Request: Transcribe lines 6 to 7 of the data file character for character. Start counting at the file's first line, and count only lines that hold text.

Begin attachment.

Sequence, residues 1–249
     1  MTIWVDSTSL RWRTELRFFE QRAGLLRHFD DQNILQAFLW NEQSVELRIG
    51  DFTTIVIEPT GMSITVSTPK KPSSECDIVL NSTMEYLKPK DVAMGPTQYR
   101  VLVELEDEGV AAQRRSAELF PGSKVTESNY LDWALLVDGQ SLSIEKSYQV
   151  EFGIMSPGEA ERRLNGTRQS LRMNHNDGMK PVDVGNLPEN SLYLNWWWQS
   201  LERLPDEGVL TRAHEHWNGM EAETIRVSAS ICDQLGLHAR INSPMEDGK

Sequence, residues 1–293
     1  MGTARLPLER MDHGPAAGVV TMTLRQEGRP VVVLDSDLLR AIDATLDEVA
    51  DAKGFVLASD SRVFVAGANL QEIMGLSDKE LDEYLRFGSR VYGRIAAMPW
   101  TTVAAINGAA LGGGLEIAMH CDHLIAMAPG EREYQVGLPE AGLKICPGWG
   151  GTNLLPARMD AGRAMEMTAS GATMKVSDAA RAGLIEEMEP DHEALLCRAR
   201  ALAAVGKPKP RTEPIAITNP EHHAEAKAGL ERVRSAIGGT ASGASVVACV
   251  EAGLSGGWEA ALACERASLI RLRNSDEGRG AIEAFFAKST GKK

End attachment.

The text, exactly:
   201  LERLPDEGVL TRAHEHWNGM EAETIRVSAS ICDQLGLHAR INSPMEDGK

Sequence, residues 1–293